Contracts for Design Professionals – module 7 of 9. Discussion of the following contract clauses: Redesign Costs, Reliance on Information Provided By Client and Others, Responsibility for Rights of Way and Easements, Schedule, and Time for Performance. Slides: Contracts for Design Professionals – Module 7 Slides
Hello. This is J. Kent Holland. It’s my pleasure to present this course on contracts for design professionals. The specific clauses that we will discuss in this particular module of the course will be shown on the next slide. Throughout the presentation, I will be using slides to include examples of the contract language that we’re discussing.
With that brief introduction, let’s jump right into the clauses. Let’s talk about redesign obligations. Design professionals are increasingly being required to redesign projects due to construction costs exceeding the owner’s budget. Since the design professional has no control over material escalation cost or the bids submitted by the potential contractors, it’s not possible to guarantee that the bids received won’t exceed the budget or that as a result of normal change orders during construction, the budget might not be exceeded. So it becomes a problem if the terminology of the contract guarantees that the design will be perfect and that will result in a project coming in on budget and that any changes to the design in order to lower the cost that were bid by the contractor would be re-performed, those design services would be re-performed for free by the designer in order to get the project back on budget. That could be a very significant cost.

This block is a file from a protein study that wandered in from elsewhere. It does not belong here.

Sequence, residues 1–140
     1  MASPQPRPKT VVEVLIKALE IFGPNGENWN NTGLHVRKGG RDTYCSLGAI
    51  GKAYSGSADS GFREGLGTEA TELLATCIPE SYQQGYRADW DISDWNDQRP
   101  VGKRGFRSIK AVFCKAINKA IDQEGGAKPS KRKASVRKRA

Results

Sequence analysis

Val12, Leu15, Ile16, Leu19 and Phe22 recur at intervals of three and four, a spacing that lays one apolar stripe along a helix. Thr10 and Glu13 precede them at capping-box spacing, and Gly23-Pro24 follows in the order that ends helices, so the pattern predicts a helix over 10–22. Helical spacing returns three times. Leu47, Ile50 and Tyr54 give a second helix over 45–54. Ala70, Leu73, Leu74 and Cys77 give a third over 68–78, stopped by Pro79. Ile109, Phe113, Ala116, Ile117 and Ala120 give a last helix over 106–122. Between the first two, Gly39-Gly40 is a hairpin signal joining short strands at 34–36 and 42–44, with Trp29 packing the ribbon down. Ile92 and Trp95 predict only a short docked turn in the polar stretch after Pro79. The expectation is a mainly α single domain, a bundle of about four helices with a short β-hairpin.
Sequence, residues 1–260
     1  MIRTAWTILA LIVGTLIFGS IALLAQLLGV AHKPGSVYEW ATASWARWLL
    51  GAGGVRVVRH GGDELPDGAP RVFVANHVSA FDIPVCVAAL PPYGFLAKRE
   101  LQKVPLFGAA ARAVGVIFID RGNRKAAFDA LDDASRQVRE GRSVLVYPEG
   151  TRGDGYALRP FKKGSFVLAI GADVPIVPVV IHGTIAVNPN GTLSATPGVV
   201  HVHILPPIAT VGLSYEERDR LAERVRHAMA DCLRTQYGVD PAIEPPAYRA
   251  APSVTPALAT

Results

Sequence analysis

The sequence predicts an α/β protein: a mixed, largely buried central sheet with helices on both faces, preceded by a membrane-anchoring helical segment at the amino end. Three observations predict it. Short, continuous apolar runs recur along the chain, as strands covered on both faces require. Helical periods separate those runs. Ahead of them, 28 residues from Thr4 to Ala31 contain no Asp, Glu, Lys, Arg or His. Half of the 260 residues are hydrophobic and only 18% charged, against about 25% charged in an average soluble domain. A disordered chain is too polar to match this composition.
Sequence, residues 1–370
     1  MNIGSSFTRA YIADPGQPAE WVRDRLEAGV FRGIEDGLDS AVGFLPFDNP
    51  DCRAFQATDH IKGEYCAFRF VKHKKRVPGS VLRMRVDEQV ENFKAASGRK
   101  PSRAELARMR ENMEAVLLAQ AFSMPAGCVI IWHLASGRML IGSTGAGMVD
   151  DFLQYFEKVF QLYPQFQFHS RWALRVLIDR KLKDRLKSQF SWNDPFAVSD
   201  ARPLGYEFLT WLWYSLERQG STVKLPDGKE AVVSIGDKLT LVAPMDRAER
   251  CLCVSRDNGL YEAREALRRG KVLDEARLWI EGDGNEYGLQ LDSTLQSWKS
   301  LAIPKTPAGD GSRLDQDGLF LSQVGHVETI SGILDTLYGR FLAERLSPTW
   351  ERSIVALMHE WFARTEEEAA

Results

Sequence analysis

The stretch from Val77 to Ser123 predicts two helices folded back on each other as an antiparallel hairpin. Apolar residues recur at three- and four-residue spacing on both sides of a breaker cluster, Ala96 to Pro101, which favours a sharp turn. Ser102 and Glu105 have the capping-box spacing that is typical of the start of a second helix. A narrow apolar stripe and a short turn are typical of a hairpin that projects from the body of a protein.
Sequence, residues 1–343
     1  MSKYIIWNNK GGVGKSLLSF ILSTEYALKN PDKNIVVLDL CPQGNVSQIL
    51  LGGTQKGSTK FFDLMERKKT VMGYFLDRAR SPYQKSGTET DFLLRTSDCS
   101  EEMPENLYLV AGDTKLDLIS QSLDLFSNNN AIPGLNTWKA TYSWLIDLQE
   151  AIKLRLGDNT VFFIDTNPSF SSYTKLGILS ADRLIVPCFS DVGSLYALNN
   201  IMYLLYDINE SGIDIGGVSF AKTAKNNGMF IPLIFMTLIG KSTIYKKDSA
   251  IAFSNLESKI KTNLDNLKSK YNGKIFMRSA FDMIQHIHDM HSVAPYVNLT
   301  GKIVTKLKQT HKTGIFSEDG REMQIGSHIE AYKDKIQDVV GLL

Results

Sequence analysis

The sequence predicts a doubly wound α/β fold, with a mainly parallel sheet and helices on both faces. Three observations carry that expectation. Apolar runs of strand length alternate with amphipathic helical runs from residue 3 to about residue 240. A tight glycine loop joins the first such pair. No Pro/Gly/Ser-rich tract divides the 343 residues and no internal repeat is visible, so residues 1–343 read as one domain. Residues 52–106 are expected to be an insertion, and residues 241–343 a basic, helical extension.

What I like to do is when I see that kind of clause, and an example of the clause is actually ironically an AIA B101, section 6.7, provides for just that, the redesign with no compensation. What I prefer to do is add that the redesign will be with no compensation if the reasons for the redesign were due to the negligence or willful misconduct of the design professional. Otherwise, you should be paid for it.
When we talk about redesign cost, we can look at article 6.7 of the AIA B101 as an example of the kind of clause that requires the redesign with no compensation. That clause reads as follows. “If the owner chooses to proceed under Section 6.6.4, the Architect, without additional compensation, shall modify the Construction Documents as necessary to comply with the owner’s budget for the Cost to the Work at the conclusion of the Construction Documents Phase Services”. Let’s look at the clause dealing with rejection of a contractors work.